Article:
One student I talk to, Jeff, is kind of an outlier in the program. He’s in prison for the immensely white-collar crime of mortgage fraud. He’s a South Jersey guy, a former accountant who admits that prison was a challenge to adjust to. But he says that his enrollment in PCK has changed everything for him; it has given him something to look forward to once his year-long sentence is up—a completely new direction. He says he wants to work in the culinary field once he’s out.

“PCK is a goldmine because of the resources they allow me to have,” says Jeff, who doesn’t want to reveal his last name. “Coming from where I’m coming from, PCK is a bridge for me between my incarceration to getting a fresh start, basically. PCK is providing the tools for me to get there.”

Now, Jeff has no reason to be humble about this. He’s a certified public accountant and had been working in the field for more than a decade; he was working from Manhattan for a while before being sentenced. Jeff says that many PCK enrollees have taken life skills classes before joining the program, but none of what he learned there even comes close to the totality and overall usefulness of what he’s learned in PCK.

“Everybody in our class is extremely engaged, everybody is really positive, everybody is helping each other,” he says. “Not everybody has taken my pathway, but they were certainly looking for a little help, a little direction back to gainful employment, because life sometimes happens. ”

The success of PCK is in no small part due to the folks overseeing the program, such as Chef Campos. Campos made his own roundabout way to working as a chef, and has special affinity for the people he works with. He came to the U.S. from El Salvador as a child. Growing up in California, his family had its own share of troubles, including drug addiction and incarceration. He lived alone with his mother until he was 17, when he was kicked out; his first jobs were in restaurant kitchens, and he became infatuated with the culture and speed of the work.

“It wasn’t really about the food, but I liked the atmosphere—I was that young kid who everyone told ‘pull up your pants, move your hat forward, stop cussing, don’t be a brat,’ that kind of stuff,” he says.

He received his associate’s degree in culinary arts in 2003 and worked as a restaurant chef for several years before becoming wearied by the industry. “It’s an industry that runs on Red Bull and cigarettes,” he says. “It’s just really easy to burn out.”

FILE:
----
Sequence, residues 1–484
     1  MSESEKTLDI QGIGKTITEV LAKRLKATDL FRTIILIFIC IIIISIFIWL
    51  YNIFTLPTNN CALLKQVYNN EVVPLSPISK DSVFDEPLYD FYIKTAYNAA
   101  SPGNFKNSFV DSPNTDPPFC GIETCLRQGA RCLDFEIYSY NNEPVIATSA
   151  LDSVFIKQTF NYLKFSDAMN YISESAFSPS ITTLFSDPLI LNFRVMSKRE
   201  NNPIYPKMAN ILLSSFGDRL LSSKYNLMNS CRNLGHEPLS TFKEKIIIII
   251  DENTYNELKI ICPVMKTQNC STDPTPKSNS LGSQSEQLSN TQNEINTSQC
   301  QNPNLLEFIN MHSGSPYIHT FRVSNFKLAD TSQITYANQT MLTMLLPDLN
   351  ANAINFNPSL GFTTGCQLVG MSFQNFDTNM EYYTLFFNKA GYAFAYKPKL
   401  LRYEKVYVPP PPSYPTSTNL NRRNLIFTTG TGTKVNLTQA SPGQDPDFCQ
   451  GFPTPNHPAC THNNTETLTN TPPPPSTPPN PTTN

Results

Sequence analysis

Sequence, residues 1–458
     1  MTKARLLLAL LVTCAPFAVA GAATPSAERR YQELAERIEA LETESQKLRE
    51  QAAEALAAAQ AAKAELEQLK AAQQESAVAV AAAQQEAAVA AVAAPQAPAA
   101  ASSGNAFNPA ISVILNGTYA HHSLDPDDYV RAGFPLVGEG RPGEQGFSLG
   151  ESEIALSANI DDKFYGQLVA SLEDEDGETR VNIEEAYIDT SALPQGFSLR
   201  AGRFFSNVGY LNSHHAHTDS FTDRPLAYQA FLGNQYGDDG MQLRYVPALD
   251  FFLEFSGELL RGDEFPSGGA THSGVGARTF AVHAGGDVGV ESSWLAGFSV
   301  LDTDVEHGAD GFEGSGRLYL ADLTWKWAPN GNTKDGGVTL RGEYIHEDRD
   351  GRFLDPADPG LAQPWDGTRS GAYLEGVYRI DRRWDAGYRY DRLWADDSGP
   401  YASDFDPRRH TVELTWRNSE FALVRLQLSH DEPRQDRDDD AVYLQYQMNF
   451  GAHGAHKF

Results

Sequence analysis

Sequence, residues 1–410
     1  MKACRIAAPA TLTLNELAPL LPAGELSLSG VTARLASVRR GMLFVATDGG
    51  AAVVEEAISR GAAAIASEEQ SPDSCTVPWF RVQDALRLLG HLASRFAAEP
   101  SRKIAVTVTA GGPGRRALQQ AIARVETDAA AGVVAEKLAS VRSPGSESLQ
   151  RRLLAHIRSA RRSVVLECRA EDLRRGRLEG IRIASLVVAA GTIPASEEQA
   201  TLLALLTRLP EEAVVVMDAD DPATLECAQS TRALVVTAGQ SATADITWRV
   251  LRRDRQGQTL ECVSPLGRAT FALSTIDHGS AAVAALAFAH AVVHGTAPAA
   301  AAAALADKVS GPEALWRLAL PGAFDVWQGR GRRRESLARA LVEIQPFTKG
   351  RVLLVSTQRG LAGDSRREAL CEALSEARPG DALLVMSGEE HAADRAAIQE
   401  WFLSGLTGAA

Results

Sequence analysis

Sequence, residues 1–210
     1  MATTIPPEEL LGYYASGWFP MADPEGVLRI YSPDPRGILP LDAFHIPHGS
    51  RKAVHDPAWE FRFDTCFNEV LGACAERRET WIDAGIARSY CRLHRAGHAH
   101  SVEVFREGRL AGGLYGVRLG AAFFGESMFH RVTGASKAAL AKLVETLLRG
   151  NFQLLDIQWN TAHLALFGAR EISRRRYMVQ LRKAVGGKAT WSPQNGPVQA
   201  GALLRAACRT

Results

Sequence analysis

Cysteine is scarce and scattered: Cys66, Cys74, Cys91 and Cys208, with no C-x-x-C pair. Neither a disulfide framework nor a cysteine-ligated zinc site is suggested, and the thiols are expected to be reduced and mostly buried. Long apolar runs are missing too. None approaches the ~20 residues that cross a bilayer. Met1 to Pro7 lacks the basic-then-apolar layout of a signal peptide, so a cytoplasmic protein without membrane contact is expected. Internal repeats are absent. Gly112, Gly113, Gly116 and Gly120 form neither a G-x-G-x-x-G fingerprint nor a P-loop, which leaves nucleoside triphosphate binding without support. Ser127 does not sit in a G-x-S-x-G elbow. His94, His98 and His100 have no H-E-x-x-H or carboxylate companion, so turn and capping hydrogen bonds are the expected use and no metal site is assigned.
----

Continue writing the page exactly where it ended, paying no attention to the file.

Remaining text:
And so he got into teaching. Just not the Culinary Institute of America kind of teaching. Out in Seattle, he began working for a program that helped teach culinary skills to the homeless and disadvantaged; liking the work, and looking to step up the challenge, he applied to PCK, which he joined as head chef in 2015. Campos realizes that what a lot of the folks in the program need is a sense of direction, one that can only be provided with in-your-face instruction and some serious tough love. Campos references the moment at the shelter earlier, when he was coming down hard on his students for not being able to figure out what flavors were in the dish they prepared.

PCK has a success rate of 81 percent—meaning that 81 percent of students enrolled in the program find jobs in the culinary field after they graduate. According to Philabundance, over 600 PCK graduates have entered the workforce. And jobs for the recently incarcerated can make the difference between staying out of prison or returning.

“The conversation was not necessarily about cooking,” he says. “It’s more about your presentation at the end of the day. What you put in front of somebody, how you speak, your thought process—it’s being judged. You’re on stage, whether you know it or not. I’m tough on them because those are the interviews they’re going to go to. They’re going to get judged on how old they are, the color of their skin, whatever it is. They have to rise above that, and find a way to put on a good performance.”

Each cycle of the program lasts for 14 weeks, and students must be prepared for midterm and final exams. Campos teaches them everything from dicing to dish washing to food safety, and occasionally brings in a guest chef. Under his leadership, he envisions more for the program—particularly a catering service, so that the students can have an actual job in food services on their resume once they get out.

But for now, he’s content with the success stories he can help facilitate. “We have a lot of graduates from this program who are executive chefs, who work in really nice restaurants,” Campos says. “Stephen Starr restaurants, they’re out there. And they all started here.”

If the empanadas and chimichurri are any indication of their skills at all, I implore any restaurant looking for new talent: Hire these people immediately.

Correction: An earlier version of this story misstated the number of people who PCK graduates who have found culinary jobs. It is 600.

Photos provided by Philabundance Community Kitchen